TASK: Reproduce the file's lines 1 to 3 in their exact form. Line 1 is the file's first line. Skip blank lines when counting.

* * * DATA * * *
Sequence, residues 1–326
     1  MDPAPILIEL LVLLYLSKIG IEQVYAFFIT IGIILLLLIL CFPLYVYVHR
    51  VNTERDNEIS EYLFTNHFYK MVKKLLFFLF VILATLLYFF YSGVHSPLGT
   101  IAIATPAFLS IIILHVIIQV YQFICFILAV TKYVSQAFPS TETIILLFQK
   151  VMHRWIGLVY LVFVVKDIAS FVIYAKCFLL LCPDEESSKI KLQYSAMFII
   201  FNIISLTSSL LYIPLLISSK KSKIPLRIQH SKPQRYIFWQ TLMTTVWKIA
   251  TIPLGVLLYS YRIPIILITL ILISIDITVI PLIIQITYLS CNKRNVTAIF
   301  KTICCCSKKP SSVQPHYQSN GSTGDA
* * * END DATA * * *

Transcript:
Sequence, residues 1–326
     1  MDPAPILIEL LVLLYLSKIG IEQVYAFFIT IGIILLLLIL CFPLYVYVHR
    51  VNTERDNEIS EYLFTNHFYK MVKKLLFFLF VILATLLYFF YSGVHSPLGT